software developing bristol

How do you get the best results when commissioning a software or web development project?

It’s important when commissioning a software house or digital agency to know your objectives and stay true to those objectives throughout the lifecycle of the project. For most the objectives are simple –  or at-least they should be – design and develop a product that your users/customers will enjoy using and will enable them to find what they are looking for or perform a certain task intuitively and efficiently.

For the purpose of this post, I’m going to stick with software applications (web-apps) to explain how a client brief and subsequent solution should be approached and fulfilled. However, a very similar process could be followed for a website or ecommerce store.

Creating the brief:

When creating a brief it’s important to start with the user in mind. It’s a good idea to start with a ten point list of the main features the software will provide, then break each feature, or module, into storyboards that outline how the process will work from a users point of view.  We usually find we need to assist customers at this stage of the process, as articulating these steps is very difficult so we tend to provide a visual approach. This typically starts with a client workshop where we can all brainstorm ideas and create wireframe stories on a whiteboard or paper. This fleshes out the user journey and flow and means everyones ideas becomes part of a working prototype that can be reviewed and refined until all stakeholders are happy with the product. Anyway, back to the topic at hand…

Points to consider:
  • Start with the need – why does the business need this application? What benefits will it bring to customers, workers and the company as a whole?
  • What is the return – how many administrative hours will the application save your team per day/week/month? And how will the system enhance not only your teams ability to perform their work, but also your end customers experience of working with you, or ordering products from you?
  • Are there any risks? Will the application have longevity? Is it scalable? How would any downtime affect business operations? What are the ongoing running costs in terms or training, hosting and support?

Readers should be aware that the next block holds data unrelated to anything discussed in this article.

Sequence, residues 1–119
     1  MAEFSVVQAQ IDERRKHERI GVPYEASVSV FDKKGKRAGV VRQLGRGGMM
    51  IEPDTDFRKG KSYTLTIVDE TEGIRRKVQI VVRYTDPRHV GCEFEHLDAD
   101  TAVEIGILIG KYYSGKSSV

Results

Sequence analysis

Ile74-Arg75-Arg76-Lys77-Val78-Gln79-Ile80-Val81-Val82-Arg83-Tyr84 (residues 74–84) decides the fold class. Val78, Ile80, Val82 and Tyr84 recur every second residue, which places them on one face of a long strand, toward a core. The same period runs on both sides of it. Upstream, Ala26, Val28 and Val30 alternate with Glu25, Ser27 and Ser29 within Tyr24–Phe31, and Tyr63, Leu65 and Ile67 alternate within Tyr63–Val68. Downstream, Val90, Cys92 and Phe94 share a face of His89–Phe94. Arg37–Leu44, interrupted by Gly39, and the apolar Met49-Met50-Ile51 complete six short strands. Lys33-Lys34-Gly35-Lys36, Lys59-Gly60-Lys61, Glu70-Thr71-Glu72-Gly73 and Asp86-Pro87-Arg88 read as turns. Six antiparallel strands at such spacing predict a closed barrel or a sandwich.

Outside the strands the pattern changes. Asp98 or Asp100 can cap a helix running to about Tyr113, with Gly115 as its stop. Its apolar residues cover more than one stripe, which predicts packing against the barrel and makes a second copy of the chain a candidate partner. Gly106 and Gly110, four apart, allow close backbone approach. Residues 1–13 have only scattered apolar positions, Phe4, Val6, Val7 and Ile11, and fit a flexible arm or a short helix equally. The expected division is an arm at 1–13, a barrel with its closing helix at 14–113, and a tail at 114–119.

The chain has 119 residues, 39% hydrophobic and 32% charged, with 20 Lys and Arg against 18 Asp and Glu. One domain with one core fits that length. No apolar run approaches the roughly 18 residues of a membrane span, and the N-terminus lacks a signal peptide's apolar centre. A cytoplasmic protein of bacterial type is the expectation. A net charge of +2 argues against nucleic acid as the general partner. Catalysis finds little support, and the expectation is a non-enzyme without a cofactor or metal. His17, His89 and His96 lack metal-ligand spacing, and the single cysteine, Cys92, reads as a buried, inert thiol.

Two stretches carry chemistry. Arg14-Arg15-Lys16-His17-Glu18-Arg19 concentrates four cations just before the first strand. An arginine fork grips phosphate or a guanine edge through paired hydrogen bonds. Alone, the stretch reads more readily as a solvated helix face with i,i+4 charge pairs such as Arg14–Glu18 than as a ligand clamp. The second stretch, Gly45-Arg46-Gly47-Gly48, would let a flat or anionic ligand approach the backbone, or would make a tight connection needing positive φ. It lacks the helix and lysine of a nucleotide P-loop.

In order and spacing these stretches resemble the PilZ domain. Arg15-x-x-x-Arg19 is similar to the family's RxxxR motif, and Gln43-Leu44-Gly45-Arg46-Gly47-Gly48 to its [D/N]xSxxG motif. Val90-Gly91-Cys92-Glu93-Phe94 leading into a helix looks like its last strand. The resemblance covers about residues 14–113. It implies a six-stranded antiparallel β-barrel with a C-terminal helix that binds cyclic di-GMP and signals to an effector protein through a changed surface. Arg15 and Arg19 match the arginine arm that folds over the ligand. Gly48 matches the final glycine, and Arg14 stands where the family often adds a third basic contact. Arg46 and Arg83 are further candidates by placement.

• What are your top priorities/concerns when developing a new system; Usability? capacity? Initial project cost? ongoing project costs? security? reliability? design aesthetics?

In addition, it’s worth considering the technology your chosen development house will utilise when coding the web-application. If all your customers/users are on modern day web browsers, then the use of modern technologies such as HTML5 and Javascript will provide many advantages. However, legacy browser support is still a consideration, especially if the app is web based and customer facing, as there will be little to no control over the browser or device your customers use. Unfortunately many large organisations find it difficult to upgrade their IT infrastructure due to legacy systems and the cost of upgrade. This means operating systems and therefore browsers can be very out of date, leaving company employees to make the most of an inferior online experience. If your website or application doesn’t cater for your target audience it will provide a negative impact on your brand image and business. My advice is to understand your customers and check your web analytics to identify what IT systems they are using.

Iterate, TEST, perfect. REPEAT

It’s important to remember that Rome (and especially not Wembley stadium!) were not built in a day. It’s very tempting to create a detailed specification document then build the perfect system. But in reality nobody knows what that perfect system looks like, at-least not at first. We strongly recommend an iterative approach to software development. Our advise is to start small and get the core functionality in place then let your staff and/or customers use the product and help you drive the development. It’s very tempting for management to try and define how people and processes work throughout an organisation, but it’s an ambitious and somewhat risky approach, especially if the person writing the brief has never performed a certain role within a company on a day-to-day basis.

I’m going to expand on this topic in a future blog post, as we have found that our approach helps to develop better software products.

If you have any questions regarding web-application development, then please contact me (Mark Probert) on 0117 205 0425 email me

 

 

 

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